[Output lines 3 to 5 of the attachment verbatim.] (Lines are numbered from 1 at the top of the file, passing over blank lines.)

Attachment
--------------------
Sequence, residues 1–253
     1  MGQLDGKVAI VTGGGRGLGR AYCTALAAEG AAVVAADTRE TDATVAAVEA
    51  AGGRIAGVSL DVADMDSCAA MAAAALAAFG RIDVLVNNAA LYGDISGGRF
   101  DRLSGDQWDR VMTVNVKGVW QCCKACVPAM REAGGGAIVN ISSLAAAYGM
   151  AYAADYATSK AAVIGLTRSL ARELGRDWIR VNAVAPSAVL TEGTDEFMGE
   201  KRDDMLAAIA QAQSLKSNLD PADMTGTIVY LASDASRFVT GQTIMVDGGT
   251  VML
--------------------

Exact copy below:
    51  AGGRIAGVSL DVADMDSCAA MAAAALAAFG RIDVLVNNAA LYGDISGGRF
   101  DRLSGDQWDR VMTVNVKGVW QCCKACVPAM REAGGGAIVN ISSLAAAYGM
   151  AYAADYATSK AAVIGLTRSL ARELGRDWIR VNAVAPSAVL TEGTDEFMGE